Are you growing your business as a portrait photographer? There are still plenty of opportunities to learn new things as you build your clientele. Here are some tips from experienced portrait photographers, tips that you may already know but may still benefit from by being reminded.
- Switch your perspective. As a general rule, the photographer takes the picture with the camera approximately at the subject’s eye level. This provides a nice shot of the face and profile. However, you can make things more interesting by taking a portrait from a different angle. This change in perspective can add that extra oomph to your portraits. You can shoot up to take a portrait from below. You can also get on a chair or a ladder and shoot down on your subject as he looks up to you.
- Use the right background. That is, the subject’s native environment. Portraits usually make use of simple backgrounds so that the focus of the eye is on the subject’s face. However, you can also add personality and tell the story with a well-chosen background. For example, if your subject is a teacher, photograph her inside her classroom, with the blackboard, books and children’s drawings as the background. You can blur the background so that it is not too distracting but can still provide a good context for the portrait.
- Get down to your subject’s level. Baby and kiddie photo shots need you to get down to your subjects’ eye level. This way, you can get a well-composed shot, not the view of the top of the child’s head. For a playful shoot that exudes a sense of fun, you can shoot from a diagonal angle as well.
- Choose your lighting carefully. When taking portraits, using the on-camera flash is a definite no-no. You will get flat light that falls on the subject in an unflattering manner. If you opt to use flash, you should have external flash that is placed at the sides to create evenly distributed light. For out-of-studio shots, you can use light coming from the window. This kind of soft light will produce naturally warm skin tones and colors. In addition, when you are shooting outdoors, you should ensure that the light is falling on the subject’s face and not coming from behind.
- Make the subject feel comfortable. Not all subjects feel comfortable in front of the camera. Most of the time, the subjects feel shy, awkward and tentative of themselves. As a photographer, it is your job to make your subjects feel comfortable. Give them sincere compliments – about their outfit, their hair or how they smile. Never say that they look awkward and stiff – this is a self-fulfilling prophecy. The moment you say this, the subject will actually exude awkwardness and stiffness. Provide clear instructions that will help result in relaxed poses. You can also use visual aids such as sample photos of similar poses. Once they get the hang of it, though, you can encourage them to feel free to make their own poses.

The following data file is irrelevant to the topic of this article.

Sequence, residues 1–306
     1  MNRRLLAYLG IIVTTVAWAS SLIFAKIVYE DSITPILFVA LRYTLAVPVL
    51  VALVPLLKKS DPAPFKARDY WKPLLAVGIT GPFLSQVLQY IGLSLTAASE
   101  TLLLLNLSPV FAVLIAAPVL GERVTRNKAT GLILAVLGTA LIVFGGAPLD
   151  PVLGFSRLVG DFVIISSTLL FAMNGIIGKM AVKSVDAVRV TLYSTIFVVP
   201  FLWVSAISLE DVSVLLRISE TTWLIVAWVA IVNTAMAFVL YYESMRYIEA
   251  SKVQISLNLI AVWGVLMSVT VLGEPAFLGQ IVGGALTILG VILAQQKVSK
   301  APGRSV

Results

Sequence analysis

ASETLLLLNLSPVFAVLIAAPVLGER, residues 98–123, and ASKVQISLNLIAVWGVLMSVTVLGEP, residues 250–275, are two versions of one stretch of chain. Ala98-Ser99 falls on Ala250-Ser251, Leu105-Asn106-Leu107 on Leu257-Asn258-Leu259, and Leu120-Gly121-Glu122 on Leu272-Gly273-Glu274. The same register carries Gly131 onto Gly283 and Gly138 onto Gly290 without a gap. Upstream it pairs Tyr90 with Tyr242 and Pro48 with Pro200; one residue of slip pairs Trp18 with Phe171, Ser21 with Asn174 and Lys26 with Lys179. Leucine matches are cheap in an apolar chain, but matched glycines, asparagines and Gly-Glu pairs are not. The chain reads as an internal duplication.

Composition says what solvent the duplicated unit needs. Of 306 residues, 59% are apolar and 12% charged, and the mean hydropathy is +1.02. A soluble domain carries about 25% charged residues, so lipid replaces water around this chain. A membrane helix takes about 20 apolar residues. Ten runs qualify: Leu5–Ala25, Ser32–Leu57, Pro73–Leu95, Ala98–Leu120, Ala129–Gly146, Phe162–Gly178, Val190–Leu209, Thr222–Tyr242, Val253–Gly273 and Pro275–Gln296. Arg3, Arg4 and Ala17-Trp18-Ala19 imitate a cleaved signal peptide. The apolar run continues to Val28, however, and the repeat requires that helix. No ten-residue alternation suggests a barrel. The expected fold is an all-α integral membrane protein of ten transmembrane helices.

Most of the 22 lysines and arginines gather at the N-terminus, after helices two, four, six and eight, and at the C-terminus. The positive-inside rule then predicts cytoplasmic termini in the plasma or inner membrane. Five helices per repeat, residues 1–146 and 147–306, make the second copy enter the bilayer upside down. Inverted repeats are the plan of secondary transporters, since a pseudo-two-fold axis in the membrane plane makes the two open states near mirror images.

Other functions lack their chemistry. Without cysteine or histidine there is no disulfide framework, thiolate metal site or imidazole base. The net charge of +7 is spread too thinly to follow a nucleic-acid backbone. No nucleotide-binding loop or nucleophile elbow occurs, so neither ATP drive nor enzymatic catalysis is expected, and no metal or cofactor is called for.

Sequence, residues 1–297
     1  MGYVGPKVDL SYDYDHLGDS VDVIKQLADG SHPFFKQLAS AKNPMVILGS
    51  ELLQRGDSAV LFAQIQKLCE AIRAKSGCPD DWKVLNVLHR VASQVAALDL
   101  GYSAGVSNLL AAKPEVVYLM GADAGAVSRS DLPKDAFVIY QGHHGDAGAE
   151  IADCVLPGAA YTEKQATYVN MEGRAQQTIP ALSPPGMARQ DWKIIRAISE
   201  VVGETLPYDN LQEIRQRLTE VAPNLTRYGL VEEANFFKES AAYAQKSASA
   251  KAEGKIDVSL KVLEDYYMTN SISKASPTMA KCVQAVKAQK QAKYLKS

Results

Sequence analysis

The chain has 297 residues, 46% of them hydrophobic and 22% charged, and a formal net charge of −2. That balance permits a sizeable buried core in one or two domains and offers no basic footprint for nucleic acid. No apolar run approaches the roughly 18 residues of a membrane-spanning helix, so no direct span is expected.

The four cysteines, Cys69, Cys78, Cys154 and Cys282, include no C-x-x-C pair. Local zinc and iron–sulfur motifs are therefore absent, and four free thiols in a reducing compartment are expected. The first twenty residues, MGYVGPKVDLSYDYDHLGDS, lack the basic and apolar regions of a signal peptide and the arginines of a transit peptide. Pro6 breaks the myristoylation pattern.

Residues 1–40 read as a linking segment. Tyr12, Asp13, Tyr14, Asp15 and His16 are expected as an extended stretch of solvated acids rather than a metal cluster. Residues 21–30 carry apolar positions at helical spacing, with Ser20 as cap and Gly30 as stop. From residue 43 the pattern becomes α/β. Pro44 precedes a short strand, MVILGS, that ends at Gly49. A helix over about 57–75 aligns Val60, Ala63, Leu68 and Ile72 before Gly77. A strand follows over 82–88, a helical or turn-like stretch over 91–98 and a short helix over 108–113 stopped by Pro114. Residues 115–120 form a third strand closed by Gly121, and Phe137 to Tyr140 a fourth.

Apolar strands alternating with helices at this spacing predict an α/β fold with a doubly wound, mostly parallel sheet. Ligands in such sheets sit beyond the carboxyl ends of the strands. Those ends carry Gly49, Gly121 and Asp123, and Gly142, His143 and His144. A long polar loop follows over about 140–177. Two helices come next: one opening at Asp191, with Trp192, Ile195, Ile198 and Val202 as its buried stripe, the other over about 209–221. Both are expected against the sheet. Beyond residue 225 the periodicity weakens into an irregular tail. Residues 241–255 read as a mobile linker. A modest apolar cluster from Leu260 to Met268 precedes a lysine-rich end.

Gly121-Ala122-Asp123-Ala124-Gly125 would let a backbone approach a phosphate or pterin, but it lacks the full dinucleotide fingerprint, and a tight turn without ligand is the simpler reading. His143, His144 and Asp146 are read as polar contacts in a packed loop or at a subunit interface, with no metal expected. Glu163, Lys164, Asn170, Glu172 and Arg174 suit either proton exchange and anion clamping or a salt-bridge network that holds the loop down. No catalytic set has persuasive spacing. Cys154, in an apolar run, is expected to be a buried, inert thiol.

- Always be professional. This means coming to the shoot prepared – with the necessary equipment and props on hand. You should also discuss the shoot with the subjects so that both of you have an idea of what is expected even before you start. Of course, you should also come on time.
- Don’t be afraid to try new things. There are a lot of things that have been tried when it comes to portraits. You can try mixing your shots with other media (paintings, cartoon drawings or pencil sketches). You can have your subject pose unconventionally or in unconventional environments. For instance, you can mix up a business portrait by having the serious executive have a go at the trampoline or posing at the garden fountain with pant legs folded up while eating an ice cream.
- Check that the background and clothing contrast with each other. Avoid having the subject sink into the background – which will happen when the subject’s clothes are similar to the background. To achieve a visually attractive portrait, bright colors should be paired with muted backgrounds. Thus, if the subjects wear bright blue, a muted grey background will provide a good contrast.
- Place the finished portrait on a well-selected frame. Help the client get the total package by choosing the right picture frame for the portrait. You can go by theme. For instance, a vintage theme may call for convex glass in an oval picture frame – which was the popular framing option during the 70’s. When placing portrait photos inside round photo frames, make sure that the photo is placed in proportion to the roundness of the frame, with the face predominantly at the center.